Over the years, I’ve volunteered more of my time, and given away more of my money again.  The power of giving back creates a tremendous amount of wealth, and needs to continue.  The book talks about this power of helping others, and at the Yakezie Network’s core, helping others is what it’s all about.  Hopefully you folks can participate in the Yakezie Writing Contest that will be launched end of this April.

CONCLUSION – A GREAT READ

The Psychology of Wealth is an excellent book that came at a very important time in my life.  I’m trying hard to extricate myself away from “the rat race” and live a more balanced lifestyle that isn’t focused just about money.  I’ve written about lifestyle balance ever since I first published my About Page three years ago, and I’m still trying to get there.

If you feel consumed by money, or feel you don’t have enough money, you most definitely should read The Psychology Of Wealth.  The book will help change your relationship with money and help you appreciate more of what you have.  As Dr. Richards writes, “The psychology of wealth means taking responsibility for one’s own decisions and nurturing the qualities and attitudes within ourselves that will create a prosperous life.

HOW TO WIN ONE OF FIVE COPIES

* Sign up for my E-mail feed. 3 points.

* Highlight this giveaway on your site. 5 points.

* Comment why you are having a tough time appreciating your surroundings and the wealth you have.  If you do appreciate your wealth and surroundings fully, then comment on how you plan to build more wealth, based on your definition of wealth. 5 points.

* Share this post on Twitter by clicking one of the buttons below. 3 points.

* Google +1. 2 points.

Make sure you’ve commented what steps you’ve taken to win below and help me out by telling me the total points.  I’ll choose five winners in 10 days after this post is published.  If you have any questions for Dr. Richards, feel free to ask them below and I will ask the good doctor to respond when he can.  Good luck!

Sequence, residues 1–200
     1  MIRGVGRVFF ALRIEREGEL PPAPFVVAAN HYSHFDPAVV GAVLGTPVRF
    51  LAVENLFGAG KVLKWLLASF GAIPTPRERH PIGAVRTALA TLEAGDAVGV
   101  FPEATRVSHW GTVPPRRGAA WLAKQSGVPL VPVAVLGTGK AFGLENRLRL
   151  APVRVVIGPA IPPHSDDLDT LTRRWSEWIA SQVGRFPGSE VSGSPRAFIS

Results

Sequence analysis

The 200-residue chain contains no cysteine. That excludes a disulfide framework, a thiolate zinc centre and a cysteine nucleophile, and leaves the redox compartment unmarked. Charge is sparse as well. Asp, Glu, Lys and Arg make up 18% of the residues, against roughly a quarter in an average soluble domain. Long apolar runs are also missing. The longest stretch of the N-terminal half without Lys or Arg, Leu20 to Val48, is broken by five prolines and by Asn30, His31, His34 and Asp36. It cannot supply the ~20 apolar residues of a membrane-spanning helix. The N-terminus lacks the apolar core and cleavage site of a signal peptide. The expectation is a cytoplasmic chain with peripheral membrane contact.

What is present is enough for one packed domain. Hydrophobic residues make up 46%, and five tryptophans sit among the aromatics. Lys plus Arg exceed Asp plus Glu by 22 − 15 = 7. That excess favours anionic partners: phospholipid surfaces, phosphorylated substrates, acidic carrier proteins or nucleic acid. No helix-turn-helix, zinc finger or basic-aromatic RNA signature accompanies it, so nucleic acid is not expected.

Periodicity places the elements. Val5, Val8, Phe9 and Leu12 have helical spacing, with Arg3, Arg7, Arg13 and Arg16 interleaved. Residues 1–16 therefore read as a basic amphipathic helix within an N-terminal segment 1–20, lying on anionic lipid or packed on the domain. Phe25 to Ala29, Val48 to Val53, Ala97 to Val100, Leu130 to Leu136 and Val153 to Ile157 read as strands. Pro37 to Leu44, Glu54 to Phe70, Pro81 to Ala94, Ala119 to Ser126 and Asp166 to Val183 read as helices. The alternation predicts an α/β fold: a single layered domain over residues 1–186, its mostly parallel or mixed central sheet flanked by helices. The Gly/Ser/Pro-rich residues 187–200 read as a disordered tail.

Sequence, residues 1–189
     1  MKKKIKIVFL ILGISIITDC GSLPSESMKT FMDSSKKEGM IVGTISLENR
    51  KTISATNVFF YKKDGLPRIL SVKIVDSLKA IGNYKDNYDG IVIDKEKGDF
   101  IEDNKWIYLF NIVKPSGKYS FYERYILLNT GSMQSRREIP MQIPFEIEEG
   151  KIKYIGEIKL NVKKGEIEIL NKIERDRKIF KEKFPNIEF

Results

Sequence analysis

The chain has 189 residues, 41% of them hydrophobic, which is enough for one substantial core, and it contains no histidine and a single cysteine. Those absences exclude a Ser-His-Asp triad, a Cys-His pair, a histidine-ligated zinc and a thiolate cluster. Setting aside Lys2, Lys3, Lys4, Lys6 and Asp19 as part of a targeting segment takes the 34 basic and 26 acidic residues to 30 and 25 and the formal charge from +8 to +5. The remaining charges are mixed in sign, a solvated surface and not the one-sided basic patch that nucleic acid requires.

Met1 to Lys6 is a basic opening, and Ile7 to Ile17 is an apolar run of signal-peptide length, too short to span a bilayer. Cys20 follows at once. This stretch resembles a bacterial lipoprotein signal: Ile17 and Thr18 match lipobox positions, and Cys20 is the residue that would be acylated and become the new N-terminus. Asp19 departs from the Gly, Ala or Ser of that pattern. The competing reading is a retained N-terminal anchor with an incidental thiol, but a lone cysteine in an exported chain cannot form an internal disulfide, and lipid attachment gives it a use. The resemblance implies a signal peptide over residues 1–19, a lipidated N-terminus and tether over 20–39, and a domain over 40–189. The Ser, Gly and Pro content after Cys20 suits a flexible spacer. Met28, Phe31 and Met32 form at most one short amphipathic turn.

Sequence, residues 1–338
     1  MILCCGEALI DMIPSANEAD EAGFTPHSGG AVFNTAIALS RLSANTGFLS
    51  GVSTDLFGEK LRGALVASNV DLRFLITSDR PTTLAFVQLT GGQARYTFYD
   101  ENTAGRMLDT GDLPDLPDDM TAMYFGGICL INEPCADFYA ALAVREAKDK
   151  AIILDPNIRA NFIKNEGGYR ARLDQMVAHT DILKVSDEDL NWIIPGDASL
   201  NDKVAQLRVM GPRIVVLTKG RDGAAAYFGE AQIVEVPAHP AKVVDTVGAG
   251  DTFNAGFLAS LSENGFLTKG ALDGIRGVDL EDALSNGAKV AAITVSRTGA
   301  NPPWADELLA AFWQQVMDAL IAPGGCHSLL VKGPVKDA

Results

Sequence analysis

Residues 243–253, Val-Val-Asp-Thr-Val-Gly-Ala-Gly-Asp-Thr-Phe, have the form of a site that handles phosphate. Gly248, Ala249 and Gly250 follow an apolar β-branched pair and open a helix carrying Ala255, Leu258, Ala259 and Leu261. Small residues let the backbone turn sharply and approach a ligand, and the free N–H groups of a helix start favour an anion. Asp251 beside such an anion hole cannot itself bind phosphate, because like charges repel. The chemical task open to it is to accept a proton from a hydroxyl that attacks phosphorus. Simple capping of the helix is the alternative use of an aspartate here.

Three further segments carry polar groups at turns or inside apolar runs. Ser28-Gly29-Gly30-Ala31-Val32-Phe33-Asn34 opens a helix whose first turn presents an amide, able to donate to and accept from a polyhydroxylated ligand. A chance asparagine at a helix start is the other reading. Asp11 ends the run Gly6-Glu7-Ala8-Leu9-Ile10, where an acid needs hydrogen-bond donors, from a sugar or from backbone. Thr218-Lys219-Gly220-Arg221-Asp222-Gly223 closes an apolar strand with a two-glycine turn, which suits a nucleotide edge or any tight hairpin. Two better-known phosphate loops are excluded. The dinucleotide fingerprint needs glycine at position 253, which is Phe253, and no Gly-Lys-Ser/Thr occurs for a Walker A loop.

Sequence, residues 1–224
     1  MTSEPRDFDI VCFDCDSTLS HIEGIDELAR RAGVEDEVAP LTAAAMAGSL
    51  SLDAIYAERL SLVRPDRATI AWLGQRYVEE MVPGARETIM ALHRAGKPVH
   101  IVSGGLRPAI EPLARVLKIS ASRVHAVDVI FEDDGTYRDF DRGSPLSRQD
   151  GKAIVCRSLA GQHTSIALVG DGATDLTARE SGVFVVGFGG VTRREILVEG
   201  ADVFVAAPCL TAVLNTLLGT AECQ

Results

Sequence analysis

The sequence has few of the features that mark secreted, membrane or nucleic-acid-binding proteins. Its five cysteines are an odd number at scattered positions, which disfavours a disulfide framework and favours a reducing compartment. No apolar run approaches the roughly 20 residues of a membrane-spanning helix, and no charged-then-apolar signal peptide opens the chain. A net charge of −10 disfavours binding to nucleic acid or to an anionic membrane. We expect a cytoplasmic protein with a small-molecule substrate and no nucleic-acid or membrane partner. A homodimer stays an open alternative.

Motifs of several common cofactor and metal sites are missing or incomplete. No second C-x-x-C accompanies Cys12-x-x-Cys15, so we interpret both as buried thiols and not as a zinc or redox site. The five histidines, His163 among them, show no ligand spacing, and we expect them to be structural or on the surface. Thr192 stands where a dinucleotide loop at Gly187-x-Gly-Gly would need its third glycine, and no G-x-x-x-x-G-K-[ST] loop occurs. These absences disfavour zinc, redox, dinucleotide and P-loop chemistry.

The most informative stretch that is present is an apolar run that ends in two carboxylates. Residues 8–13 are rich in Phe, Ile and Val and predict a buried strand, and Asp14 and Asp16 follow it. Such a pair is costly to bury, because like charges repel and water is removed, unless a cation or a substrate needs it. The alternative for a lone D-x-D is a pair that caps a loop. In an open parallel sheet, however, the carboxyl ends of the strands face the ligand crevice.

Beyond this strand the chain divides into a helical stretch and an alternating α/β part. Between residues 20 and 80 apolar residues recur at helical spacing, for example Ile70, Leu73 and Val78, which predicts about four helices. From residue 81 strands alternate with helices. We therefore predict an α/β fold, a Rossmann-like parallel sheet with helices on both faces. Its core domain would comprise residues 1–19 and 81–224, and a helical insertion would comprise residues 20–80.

Please note: The PR agency has asked all contestants be from North America.  Sorry international readers!

Regards,

Sam

Book Details: Hard copy, 241 pages. McGraw-Hill publisher.  $26 retail.

Sam started Financial Samurai in 2009 during the depths of the financial crisis as a way to make sense of chaos. After 13 years working on Wall Street, Sam decided to retire in 2012 to utilize everything he learned in business school to focus on online entrepreneurship.

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Comments

  1. says

    Excellent review. One to add to my Wish List it would appear.

    It’s interesting you say spend a couple of weeks in India. On Tuesday I went to see ‘The Best Exotic Marigold Hotel’ at the cinema, and despite the humorous undertones and the personal finance links within, it was interesting to see just how lucky we are here in the UK. Even when everything seems to be “as bad as it has ever been”, it is still immeasurably better than in India.

    If for nothing else, you should watch it for that. It puts an awful lot into perspective.

  2. Hiro says

    Thank you for another valuable post. I travel to a developing country every 2-3 years and that has always been a ‘self-relfected vacation’ for me. We all have up and downs but relatively to the majority of population in Asia, Africa, etc..we are very lucky. I am taking nieces and nephews to Southeast Asia for 2 weeks to volunteer so hopefully that would be a life lesson for them.

  3. says

    I’m definitely going to have to add this book to my list of must reads. I love exploring other authors thought management methods. Sometimes all it takes is to step back and examine our way of thinking about things – to see wealth as something more than net worth. I believe that people who become a victim of feeling consumed with money issues can benefit by refocusing the “laws on their lens” – to view money differently and embrace other forms of wealth.

  4. says

    My definition of wealth uses money to make things go away, rather than make things appear. It makes jobs go away. It makes cars go away. It makes needs go away.

    It allows wants to take precedence.

    The psychology of money is perhaps my favorite personal finance niche, and something I write about often.